From Indiana to Jordan

September 25, 2012

As a young boy, I remember watching in awe as a heroic adventurer named Indiana Jones came upon the staggering site concealing the mythical Holy Grail. The sheer scale and beauty of the place in which he entered seemed so fantastical that I would have been shocked to learn that it was indeed a real location. While the film Indiana Jones and the Last Crusade may have been a work of fiction, it succeeded in capturing the true sense of wonder evoked by the ruins of Petra, Jordan. Some places prove that seeing is indeed believing.

Over 2000 years ago a people called the Nabateans flourished in what is the present-day Middle East. They chose a geologically dramatic location in which to construct their capital, Petra, and shaped it with equally dramatic rock-cut architecture. An entire city was carved out of sandstone. Today, the most famous site within Petra is the one that Indiana Jones brought to the spotlight: the ancient tomb known simply as the Treasury.

No, the inside of the Treasury isn't filled with treasure, contain The Holy Grail, or look anything close to what is portrayed in Indiana Jones, but never fear. The sprawling site of the ancient Nabatean capital has so much more to admire for the rare soul who is not overawed by the Treasury. In fact, Petra encompasses such a huge area and is so filled with archaeological riches that many people who visit stay and explore for multiple days.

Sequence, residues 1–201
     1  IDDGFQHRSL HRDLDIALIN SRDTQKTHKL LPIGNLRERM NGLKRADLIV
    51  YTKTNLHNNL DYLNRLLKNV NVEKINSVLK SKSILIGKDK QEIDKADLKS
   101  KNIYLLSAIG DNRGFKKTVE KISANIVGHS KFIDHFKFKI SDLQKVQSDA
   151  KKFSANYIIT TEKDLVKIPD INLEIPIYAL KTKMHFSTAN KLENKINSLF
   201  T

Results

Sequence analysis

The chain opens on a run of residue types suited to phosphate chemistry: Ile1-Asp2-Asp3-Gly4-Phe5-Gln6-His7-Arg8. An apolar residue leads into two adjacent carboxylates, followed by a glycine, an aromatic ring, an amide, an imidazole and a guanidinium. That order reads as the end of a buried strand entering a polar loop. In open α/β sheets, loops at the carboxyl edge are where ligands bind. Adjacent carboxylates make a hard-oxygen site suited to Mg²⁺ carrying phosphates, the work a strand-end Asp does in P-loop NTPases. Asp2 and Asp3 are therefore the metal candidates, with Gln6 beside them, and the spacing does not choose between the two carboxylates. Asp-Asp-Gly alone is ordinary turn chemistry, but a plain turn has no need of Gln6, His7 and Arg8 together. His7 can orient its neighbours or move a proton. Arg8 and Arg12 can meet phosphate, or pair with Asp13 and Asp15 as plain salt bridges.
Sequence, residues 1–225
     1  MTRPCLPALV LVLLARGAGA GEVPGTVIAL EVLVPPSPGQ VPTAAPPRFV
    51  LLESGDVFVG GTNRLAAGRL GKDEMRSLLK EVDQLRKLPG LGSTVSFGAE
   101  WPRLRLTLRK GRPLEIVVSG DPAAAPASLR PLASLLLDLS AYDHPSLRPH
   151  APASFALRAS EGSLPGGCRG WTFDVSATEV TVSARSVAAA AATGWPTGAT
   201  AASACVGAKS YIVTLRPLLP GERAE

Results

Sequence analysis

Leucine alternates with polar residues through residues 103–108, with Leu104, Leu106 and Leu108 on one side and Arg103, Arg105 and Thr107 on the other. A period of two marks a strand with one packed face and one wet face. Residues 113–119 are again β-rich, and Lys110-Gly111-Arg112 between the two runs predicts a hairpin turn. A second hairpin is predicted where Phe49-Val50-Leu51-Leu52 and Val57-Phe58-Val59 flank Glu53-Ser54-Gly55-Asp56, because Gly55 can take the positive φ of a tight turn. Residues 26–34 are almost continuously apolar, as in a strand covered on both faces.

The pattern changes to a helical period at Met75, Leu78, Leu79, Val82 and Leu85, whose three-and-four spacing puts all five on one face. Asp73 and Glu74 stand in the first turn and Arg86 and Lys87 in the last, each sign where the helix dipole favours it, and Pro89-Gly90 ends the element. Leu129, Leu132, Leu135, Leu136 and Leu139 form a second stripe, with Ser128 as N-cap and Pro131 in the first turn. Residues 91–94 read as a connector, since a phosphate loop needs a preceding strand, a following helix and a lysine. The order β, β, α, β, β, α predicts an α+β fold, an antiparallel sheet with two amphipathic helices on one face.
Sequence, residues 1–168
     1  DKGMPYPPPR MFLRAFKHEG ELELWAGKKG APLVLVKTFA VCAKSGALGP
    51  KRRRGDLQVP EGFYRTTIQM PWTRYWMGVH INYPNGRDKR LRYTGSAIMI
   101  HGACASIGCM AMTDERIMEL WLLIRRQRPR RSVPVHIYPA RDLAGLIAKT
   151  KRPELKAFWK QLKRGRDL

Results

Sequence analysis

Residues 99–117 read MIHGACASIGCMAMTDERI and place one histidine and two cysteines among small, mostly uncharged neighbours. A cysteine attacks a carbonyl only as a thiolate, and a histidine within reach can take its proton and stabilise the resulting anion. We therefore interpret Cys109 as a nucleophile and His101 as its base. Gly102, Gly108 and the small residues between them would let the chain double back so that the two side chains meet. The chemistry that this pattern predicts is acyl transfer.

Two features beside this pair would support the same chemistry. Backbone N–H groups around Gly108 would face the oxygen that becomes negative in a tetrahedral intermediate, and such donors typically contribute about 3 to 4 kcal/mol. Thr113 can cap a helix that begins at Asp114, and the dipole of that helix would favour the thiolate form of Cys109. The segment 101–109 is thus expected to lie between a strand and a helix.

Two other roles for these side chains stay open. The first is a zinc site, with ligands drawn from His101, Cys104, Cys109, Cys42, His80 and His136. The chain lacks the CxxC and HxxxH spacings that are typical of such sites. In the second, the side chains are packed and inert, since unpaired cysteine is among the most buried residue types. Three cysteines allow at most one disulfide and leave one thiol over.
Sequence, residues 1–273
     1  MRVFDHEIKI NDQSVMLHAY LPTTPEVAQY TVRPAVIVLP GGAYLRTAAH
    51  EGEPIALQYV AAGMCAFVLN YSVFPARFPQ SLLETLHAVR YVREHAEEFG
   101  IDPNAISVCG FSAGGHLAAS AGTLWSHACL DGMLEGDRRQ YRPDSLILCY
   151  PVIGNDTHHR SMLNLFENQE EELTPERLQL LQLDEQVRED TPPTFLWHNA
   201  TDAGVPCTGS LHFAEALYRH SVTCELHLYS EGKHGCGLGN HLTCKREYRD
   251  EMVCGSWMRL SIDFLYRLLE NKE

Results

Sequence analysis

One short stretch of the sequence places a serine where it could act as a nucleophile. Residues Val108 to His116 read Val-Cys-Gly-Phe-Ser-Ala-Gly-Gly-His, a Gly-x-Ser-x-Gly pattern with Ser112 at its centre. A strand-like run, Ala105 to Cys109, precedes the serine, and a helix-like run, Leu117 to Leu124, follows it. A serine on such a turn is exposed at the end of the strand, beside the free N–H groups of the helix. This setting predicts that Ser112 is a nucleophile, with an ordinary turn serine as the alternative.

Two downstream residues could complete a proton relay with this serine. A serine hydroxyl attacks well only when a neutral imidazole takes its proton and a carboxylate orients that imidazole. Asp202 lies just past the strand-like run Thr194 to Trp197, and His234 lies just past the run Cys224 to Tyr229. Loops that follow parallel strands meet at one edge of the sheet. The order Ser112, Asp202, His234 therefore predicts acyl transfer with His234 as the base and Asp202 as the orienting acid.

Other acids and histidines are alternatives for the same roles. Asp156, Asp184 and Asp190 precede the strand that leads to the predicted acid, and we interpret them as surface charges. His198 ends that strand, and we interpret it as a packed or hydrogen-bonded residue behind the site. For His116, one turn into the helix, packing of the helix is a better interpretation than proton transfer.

Hundreds of monumental tombs are carved into the rocky hills of Petra. While the burial places have long since been looted, their striking facades remain and serve as testament to the wealth and power of the civilization that was once anchored here.

At the far end of Petra lies a tomb that is every bit as impressive as the Treasury. Arriving requires a long slog through the valley under a hot sun, topped with an exhausting climb. Local bedouins are on the scene to ferry less mobile customers up on the backs of donkeys.

The effort to get to the top is well rewarded. Here stands the largest tomb in all of Petra, an astonishing monument referred to as the Monastery. I arrived at the end of the day, and there was hardly anyone else around. I had space to gape and snap photos to my heart's content.

As the sun neared the horizon, the last lingering tourists parted from the Monastery and headed back down to the valley floor. I was the only one left. For a split-second I fooled myself into thinking that I'd found this place all on my own.

After all, there are some places that even Indiana Jones himself hasn't yet discovered.


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